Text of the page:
Shocking stats on sexual assault- no b.s. blog

We know the story well. Think Oprah Winfrey, Viola Davis, America Ferrera. Even some of the most well-known and powerful women of color have found it difficult to share their stories until recently:

Me too is one too many (sexual assault)- No B.S. blogAmerica Ferrera on sexual assault- no b.s. blogGabrielle union tweets about sexual assaultLupita Nyongo speaks out about harassment from Weinstein

Do we really have to go there?

If you want to be that person and talk about false rape reports, then yes, those do unfortunately occur and they account for 2-8% of all reports (keep in mind that only a fraction of all sexual assaults and rapes are actually reported).

For the sake of giving you some perspective, roughly 10% of all carjackings are false reports. So, if you’re ever in the unfortunate predicament of having your car stolen (read: something taken from you without your consent) and someone doesn’t take you seriously because there are cases of false reports, think about the women whose humanity and dignity were taken from them without their consent and what it must have been like to be turned away and shamed because of a mere 8%.    

It’s not just the moguls

The latest story about Harvey Weinstein has reignited conversations about the Hollywood industry and its open secrets. Whether it was Bill Cosby, Roger Ailes, Bill O’Riley, or the president himself, it seems people haven’t learned (or don’t want to learn) how rampant sexual harassment and assault are; not just in the entertainment industry, but in literally every industry out there.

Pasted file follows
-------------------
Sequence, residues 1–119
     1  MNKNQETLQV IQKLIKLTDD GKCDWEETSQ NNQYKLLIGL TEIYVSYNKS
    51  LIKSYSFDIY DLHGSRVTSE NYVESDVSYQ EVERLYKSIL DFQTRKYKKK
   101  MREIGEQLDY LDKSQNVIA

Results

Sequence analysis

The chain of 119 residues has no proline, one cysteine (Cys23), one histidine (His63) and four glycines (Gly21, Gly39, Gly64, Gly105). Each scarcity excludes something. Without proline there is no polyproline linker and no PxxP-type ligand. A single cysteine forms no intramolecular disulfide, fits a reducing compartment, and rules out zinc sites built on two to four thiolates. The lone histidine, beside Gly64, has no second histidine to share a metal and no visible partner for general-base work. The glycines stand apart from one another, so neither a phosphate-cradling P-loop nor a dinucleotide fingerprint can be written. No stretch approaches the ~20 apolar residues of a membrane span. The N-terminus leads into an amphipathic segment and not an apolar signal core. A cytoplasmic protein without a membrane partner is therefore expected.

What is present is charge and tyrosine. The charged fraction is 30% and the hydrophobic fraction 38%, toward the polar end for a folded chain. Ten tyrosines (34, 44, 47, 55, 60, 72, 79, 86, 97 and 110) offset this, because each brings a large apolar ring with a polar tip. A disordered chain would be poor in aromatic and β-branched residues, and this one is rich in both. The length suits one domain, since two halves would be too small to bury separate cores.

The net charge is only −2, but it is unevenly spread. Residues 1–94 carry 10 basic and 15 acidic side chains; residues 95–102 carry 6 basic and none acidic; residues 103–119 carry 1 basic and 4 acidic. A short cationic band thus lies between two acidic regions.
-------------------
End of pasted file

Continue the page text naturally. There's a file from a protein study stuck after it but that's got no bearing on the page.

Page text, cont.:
While we could easily make this about how rich men in power are taking advantage of their status, it’s not just the rich media moguls. The Brock Turners of the world are getting away with these heinous crimes because any jail time would have a negative impact on their futures.

Did you get that? Apparently the well-being and future of white rapists is more important than the justice for their victims.

Stay woke

Something tells us Harvey Weinstein won’t be the last of these filthy predators. 

But there is hope! Social media has made it harder for voices to be silenced and easier for solidarity to spread. You can also support your friends by knowing how to read the signs:

  • Physical injuries- like bruising, soreness or difficulty walking
  • Challenges maintaining relationships and trusting others
  • Isolation from their community and loves ones, along with outbursts of anger

Also- If you know someone who’s worried about being accused of sexual harassment, we’ve got something that might help. A quick word to the not-so-wise: it’s not up to women to “fix” and educate men about assault. Got it? Get the facts straight, listen up, and keep your hands to yourself.

Here’s what late-night television host Samantha “Bae” Bee has to say about it.

image source

And don't forget your homework assignment: 

Send this article to five friends, and help set the record straight. 

setting the record straight on sexual assault